The Worldwide web revolutionized communication during the 20th century; however, social networking sites brought a new dimension to it. In today’s culture of disconnection and individualism, social networks such as Facebook, My space, Orkut, and LinkedIn, are seen as platforms for managing the decreasing sociability (James J. Farrell). By the end of August 2010, Facebook had 360 million users from all over the world, making it the number one among all the social networking sites (Clicky Media 2010). The statistics showed that in the United Kingdom, most of the users of Facebook are between 13 to 19 and 20 to 29 age groups (ibid). Within a short period of 2 years, after its launch in 2004, it became the most popular website in universities and colleges of United Kingdom (Anderson Analytics). According to research carried out by Farrell, a culture of reading Facebook feeds was developed among students during lectures in academic institutions (James J. Farrell). According to the report, students that are obsessed with Facebook find it harder to concentrate in class, are constantly distracted, and have shorter attention span, and find hard to compete in their exams (ANI, 2010). According to a study conducted by Karpinski at Ohio State University, students secured satisfactory GPA (grade point average) by spending more hours studying than using Facebook (Karpinski) which supports the findings of the ANI report regarding unsatisfactory performance of obsessed students. As a result of this, parents and student groups have started to demand blocking its use in universities, thus posing a serious threat to its future growth (CBC News).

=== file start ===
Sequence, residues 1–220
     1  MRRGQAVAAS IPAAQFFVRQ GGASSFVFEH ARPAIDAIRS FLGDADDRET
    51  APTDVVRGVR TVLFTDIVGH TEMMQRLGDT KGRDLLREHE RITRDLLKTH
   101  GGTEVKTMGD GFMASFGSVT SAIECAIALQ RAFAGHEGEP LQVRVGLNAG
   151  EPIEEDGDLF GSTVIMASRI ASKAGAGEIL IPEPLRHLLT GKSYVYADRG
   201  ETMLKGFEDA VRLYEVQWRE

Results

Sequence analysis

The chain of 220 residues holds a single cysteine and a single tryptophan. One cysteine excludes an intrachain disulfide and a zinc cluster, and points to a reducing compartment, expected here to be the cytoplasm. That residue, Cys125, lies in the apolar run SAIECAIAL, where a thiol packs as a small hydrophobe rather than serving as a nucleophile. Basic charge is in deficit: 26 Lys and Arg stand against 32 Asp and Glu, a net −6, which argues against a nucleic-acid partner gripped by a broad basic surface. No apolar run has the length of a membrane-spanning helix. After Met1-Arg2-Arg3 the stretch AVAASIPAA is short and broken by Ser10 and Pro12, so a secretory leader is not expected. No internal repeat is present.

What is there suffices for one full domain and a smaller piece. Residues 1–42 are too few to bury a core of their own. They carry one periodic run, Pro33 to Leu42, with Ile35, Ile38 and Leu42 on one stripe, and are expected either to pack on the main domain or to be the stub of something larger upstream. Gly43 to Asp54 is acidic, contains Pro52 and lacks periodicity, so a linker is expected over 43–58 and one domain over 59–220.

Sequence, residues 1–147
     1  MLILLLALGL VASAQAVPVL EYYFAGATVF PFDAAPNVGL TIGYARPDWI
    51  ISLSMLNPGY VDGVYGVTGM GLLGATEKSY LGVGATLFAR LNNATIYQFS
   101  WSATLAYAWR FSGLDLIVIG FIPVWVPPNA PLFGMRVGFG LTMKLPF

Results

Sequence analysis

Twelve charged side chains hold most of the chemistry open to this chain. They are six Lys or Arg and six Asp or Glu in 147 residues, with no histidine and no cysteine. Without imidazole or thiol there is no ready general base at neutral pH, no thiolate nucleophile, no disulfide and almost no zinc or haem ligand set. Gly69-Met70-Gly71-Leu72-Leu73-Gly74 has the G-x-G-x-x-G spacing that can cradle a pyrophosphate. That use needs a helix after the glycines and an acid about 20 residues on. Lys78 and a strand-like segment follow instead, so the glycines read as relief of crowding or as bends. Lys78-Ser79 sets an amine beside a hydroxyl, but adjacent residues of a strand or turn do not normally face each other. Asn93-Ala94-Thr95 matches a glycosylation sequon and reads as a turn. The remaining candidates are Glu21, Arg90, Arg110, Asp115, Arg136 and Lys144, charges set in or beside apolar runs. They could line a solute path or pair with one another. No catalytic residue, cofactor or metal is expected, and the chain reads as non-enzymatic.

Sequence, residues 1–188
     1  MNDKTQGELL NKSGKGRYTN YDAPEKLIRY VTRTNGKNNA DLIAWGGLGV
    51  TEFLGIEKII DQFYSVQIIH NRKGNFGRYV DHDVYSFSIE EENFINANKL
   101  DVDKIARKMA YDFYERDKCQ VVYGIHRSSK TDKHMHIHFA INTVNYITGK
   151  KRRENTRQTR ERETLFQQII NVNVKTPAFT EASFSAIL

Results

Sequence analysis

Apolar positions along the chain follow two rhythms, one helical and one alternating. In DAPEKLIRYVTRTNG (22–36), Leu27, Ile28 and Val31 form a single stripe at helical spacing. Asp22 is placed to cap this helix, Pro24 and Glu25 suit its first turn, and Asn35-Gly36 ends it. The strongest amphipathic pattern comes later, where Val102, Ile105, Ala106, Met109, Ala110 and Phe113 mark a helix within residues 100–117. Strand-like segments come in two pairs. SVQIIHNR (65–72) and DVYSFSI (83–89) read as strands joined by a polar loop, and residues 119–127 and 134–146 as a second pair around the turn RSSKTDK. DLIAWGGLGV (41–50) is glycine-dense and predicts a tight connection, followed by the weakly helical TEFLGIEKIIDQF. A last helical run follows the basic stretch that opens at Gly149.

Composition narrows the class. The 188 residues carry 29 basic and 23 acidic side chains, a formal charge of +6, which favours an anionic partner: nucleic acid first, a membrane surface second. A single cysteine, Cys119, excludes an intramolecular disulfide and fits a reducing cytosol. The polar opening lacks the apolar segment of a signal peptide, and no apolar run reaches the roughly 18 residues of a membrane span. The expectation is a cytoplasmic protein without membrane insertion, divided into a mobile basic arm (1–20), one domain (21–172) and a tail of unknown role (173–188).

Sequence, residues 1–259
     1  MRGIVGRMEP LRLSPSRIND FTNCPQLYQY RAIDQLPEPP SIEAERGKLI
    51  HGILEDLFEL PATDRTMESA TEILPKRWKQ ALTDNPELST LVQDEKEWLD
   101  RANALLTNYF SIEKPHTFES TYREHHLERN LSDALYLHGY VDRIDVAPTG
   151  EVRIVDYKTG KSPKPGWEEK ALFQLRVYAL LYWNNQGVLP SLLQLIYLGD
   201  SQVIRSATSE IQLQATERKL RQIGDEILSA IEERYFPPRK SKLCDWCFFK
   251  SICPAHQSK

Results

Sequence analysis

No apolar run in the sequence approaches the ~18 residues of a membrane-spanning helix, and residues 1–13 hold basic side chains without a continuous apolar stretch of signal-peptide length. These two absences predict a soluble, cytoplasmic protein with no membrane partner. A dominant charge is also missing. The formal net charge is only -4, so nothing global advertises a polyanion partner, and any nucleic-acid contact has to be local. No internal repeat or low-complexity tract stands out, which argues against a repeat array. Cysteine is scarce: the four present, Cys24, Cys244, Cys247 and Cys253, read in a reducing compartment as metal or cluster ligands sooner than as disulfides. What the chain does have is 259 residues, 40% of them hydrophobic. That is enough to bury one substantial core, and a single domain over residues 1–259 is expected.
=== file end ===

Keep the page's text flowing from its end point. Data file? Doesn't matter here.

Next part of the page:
Recent research has established the adverse effects of Facebook on student academic performance; however, there has been a little research done on the reasons why students use it during their study time. The purpose of the present study is to ascertain why students use Facebook during their study hours and what are the causes behind its use.
The survey was conducted at the University of Exeter. The subjects were selected from three different programmes; undergraduate, postgraduate and graduate diploma belongs to the age group of between 18 to 20 and 21 to 29. Thus, a comparison with the most active groups of Facebook users was insured.
The survey was conducted by questionnaire which was distributed to 30 students; 10 from each course. The questionnaires were given to them personally and by sending a copy of it to their university email address. It consisted of ten different types of questions; yes or no, multiple choices, agree/disagree with a statement, and statement questions.
The results were displayed using pie charts and bar graph in order to aid analysis.
The results of the questionnaire on the Effects of Facebook on student studies conducted on students from three different programmes at University of Exeter to determine the causes and factors behind its use.